Move v. t. [imp. & p. p. Moved p. pr. & vb. n. Moving.]
1. To cause to change place or posture in any manner; to set in motion; to carry, convey, draw, or push from one place to another; to impel; to stir; as, the wind moves a vessel; the horse moves a carriage.
2. Chess, Checkers, etc. To transfer (a piece or man) from one space or position to another on a playing board, according to the rules of the game; as, to move a king.
3. To excite to action by the presentation of motives; to rouse by representation, persuasion, or appeal; to influence.
Minds desirous of revenge were not moved with gold. --Knolles.
No female arts his mind could move. --Dryden.
4. To arouse the feelings or passions of; especially, to excite to tenderness or compassion; to touch pathetically; to excite, as an emotion.
When he saw the multitudes, he was moved with compassion on them. --Matt. ix. 36.
[The use of images] in orations and poetry is to move pity or terror. --Felton.
5. To propose; to recommend; specifically, to propose formally for consideration and determination, in a deliberative assembly; to submit, as a resolution to be adopted; as, to move to adjourn.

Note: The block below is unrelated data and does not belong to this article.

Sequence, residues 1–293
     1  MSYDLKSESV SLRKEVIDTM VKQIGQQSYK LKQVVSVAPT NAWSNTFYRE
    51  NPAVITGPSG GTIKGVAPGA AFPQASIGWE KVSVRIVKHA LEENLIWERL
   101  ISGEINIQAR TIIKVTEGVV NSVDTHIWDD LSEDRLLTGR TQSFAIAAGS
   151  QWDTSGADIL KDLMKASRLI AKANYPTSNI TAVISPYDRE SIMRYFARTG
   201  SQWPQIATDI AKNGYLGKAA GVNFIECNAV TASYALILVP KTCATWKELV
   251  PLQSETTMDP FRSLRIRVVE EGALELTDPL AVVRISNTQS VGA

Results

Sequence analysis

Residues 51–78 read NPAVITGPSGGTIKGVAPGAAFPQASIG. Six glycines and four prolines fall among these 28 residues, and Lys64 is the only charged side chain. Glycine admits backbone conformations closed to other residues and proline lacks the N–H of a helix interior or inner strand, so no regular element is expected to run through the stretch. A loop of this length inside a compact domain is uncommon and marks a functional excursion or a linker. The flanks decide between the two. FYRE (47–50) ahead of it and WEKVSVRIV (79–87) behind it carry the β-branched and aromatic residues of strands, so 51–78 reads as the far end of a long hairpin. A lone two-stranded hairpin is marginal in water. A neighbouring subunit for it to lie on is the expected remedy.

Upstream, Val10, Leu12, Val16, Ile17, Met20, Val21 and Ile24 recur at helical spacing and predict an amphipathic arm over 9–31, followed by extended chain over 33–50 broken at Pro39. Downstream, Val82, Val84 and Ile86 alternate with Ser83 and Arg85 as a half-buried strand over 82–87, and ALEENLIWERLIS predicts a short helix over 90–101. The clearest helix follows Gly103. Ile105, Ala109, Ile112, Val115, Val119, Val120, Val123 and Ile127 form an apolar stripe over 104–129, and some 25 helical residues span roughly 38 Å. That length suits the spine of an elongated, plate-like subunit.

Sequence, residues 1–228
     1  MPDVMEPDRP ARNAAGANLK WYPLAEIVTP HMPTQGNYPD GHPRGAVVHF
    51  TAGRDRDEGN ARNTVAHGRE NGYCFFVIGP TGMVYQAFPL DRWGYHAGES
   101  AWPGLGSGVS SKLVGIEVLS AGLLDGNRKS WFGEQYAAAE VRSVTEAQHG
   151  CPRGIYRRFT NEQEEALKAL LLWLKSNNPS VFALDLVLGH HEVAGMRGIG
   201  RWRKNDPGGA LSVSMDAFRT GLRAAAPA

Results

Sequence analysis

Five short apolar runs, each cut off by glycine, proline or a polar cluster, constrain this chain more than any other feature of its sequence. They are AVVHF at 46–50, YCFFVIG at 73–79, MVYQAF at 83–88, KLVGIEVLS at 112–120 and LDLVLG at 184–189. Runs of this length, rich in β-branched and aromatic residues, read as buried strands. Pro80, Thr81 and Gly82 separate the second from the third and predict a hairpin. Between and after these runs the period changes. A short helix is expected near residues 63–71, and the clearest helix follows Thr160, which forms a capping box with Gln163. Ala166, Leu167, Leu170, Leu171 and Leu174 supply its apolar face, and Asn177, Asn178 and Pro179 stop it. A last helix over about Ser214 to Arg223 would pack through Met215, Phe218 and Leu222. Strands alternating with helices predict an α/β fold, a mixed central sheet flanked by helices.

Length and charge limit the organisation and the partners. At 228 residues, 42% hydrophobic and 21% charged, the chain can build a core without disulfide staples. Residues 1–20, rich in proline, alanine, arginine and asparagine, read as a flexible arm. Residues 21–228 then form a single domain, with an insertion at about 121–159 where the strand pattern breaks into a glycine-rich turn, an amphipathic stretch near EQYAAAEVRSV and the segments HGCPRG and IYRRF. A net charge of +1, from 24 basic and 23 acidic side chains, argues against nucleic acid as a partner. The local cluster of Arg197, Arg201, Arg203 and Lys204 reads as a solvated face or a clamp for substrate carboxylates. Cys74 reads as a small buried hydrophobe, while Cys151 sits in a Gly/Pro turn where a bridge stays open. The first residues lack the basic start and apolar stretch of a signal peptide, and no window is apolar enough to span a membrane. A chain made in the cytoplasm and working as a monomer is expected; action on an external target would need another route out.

Let me but move one question to your daughter. --Shak.
They are to be blamed alike who move and who decline war upon particular respects. --Hayward.
6. To apply to, as for aid. [Obs.]
Syn: -- To stir; agitate; trouble; affect; persuade; influence; actuate; impel; rouse; prompt; instigate; incite; induce; incline; propose; offer.
1. Changing place or posture; causing motion or action; as, a moving car, or power.
2. Exciting movement of the mind or feelings; adapted to move the sympathies, passions, or affections; touching; pathetic; as, a moving appeal.
I sang an old moving story. --Coleridge.
Moving force Mech., a force that accelerates, retards, or deflects the motion of a body.
Moving plant Bot., a leguminous plant (Desmodium gyrans); -- so called because its leaflets have a distinct automatic motion.
Mov·ing, n. The act of changing place or posture; esp., the act of changing one's dwelling place or place of business.
Moving day, a day when one moves; esp., a day when a large number of tenants change their dwelling place.
adj 1: in motion; "a constantly moving crowd"; "the moving parts of
the machine" [ant: nonmoving]
2: arousing or capable of arousing deep emotion; "she laid her
case of destitution before him in a very moving letter"-
N. Hawthorne [ant: unmoving]
3: used of a series of photographs presented so as to create
the illusion of motion; "Her ambition was to be in moving
pictures or `the movies'" [ant: still]